The Honorable Minister Louis Farrakhan dropped by The Breakfast Club yesterday (May 24) for a lengthy interview that covered his thoughts on the upcoming presidential election, self-sufficiency and solidarity in black communities, and the importance of squashing rap beefs.
Here are some of the standout moments.
On Kendrick Lamar & Consciousness In Hip Hop
The leader of the Nation of Islam spoke highly of Kendrick Lamar, praising his consciousness.
“I’ve never met brother but I see him as a very great thinker. He’s very conscious. His lyrics are tremendous, and the beat. This is the genius of us. We’ve got the whole world in our hands. You go to China and … they know all the rap. All you gotta do is just twist it a little. Satan grabbed rap, that came out of the Bronx. That was consciousness. Public Enemy, KRS-One, Big Daddy Kane, they were teaching.”
He went on to describe the rise in gangster rap as a plot by white men to keep black men down. Behind the scenes, he explained, there was a concerted effort to promote rap about drugs and violence to keep black communities down.
On Birdman’s Breakfast Club Run-In
Birdman’s showdown on The Breakfast Club last month made huge news, but Farrakhan saw it as counterproductive.
“He’s a great giant. I don’t want to see him beefing with you. If we settle it, we bring peace,” he said. “I’m hoping that my brother will squash all these beefs so we can have some peace and get to the real enemy, which is not each other.”
On Solidarity In The Black Community
This was a major topic of conversation in the interview, with Farrakhan speaking at length about the need for self-sufficiency and solidarity in black communities, comparing them to other minority communities who he considers as often being more organized.
He also speaks on the need for community policing, and for black-owned businesses to bring positive commerce and healthy food into their own neighborhoods, and then in turn to keep the money they’ve earned inside the community.
Money from taxes should come back into communities to help pay for education, he also suggested.
“Who cares if we don’t care?” he asked. “We do care and we’ve got to care more. We’ve got the power, all we need is leadership and organization and a station like you and others that are in media — let’s come together and literally we can wake our people up overnight.”
On Donald Trump
Previously, Farrahkhan had praised republican nomination frontrunner Donald Trump, for what he saw as a refusal to take donations from the Jewish community. Here, he further detailed his position.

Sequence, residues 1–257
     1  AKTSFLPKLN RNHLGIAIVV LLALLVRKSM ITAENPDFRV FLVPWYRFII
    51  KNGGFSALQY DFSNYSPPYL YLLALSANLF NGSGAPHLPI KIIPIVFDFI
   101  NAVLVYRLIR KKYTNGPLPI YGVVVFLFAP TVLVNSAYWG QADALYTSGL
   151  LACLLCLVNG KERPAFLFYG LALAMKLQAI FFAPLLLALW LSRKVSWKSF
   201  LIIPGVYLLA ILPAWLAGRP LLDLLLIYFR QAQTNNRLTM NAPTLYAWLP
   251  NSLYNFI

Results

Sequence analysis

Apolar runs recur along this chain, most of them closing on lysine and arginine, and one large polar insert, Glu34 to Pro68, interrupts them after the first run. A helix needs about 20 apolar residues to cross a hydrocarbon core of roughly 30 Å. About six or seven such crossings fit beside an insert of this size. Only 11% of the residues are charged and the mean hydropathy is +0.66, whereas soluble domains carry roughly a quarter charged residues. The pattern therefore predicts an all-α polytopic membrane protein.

“I saw some good in Trump in this sense: when a man refuses to take money from those who give money to politicians — and you don’t pay the piper and sit back and let somebody else call the tune. So I thought that Mr. Trump, by going right to members of the Jewish community and telling them ‘I don’t need your money and I don’t want your money,’ that meant to me that he would be free enough to work for the good of America, and I applauded him for that but of course things change.
“He’s looking for some money now. He’s looking for a billion dollars and he doesn’t want to put that up. So he’s looking to some of those who traditionally support politicians to have their way,” he continued.
“Certain things that [Trump] was saying, that he wanted to go into Iraq and just take the oil. He sounded like the Corleone family. ‘Let’s get it all while we’ve got the muscle.’ I said this man is peeling back the onion of white civility and every level of that onion that he peels back more and more of the nakedness of rancor and hate and bitterness is coming up out of the followers.
On The Presidential Election
Farrakhan spoke in general about the election as well, calling it “one of the most interesting of all of the political presidential runs that I’ve had the blessing of seeing in my 83 years on this planet,” but didn’t seem encouraged by the prospects at hand.
He said he felt that Bernie Sanders was “the most honest of all of them,” but questioned whether he’d be capable of bringing positive change to America, explaining that “the system is rotten to the core.”
He didn’t seem to have faith in Hillary Clinton, Donald Trump, or the system itself. “You’re not just voting for a president, you’re voting for a person that can take America totally down,” he warned, and also said, “You either have to vote for Satan or The Devil and you catch hell with either one.”
On George Zimmerman Selling The Gun That Killed Trayvon Martin
Farrakhan was disgusted by George Zimmerman’s sale of the gun that killed Trayvon Martin, comparing it to selling a piece of the cross that Jesus was crucified on.
“That shows you the hate that is in the world, that you could offer a gun that killed a black man and offer it for $250,000,” he said. “What about the gun that killed the nine in South Carolina? How much will we pay for that? See? People are insulting us every day.”
In Part 2 of the video, the leader of the Nation of Islam praised women, saying “no man is a man without a woman” but stressed the importance of them “respecting themselves.” He encouraged them to treasure their beauty, explaining, “you are not just a woman, you are a sacred vessel.”
On The Feminization Of Men
Drawing from a point that Charlamagne made about the feminization of the black male and new trends in fashion, Farrakhan suggested that chemicals are causing changes in people’s bodies and minds. He gives an example of a drug that has “suicidal thoughts” as possible side-effects, questioning how a chemical could make someone sane go insane.
“What about the rise of homosexuality and lesbianism? Is that a natural phenomenon? Are we born that way or is it a chemical reaction that makes us susceptible to ideas like that?” he asked. “I think if we check what we eat and check the pills that we use we’ll find out that some of us are absolutely being chemicalized as we’re being feminized.”
Watch the full interview below.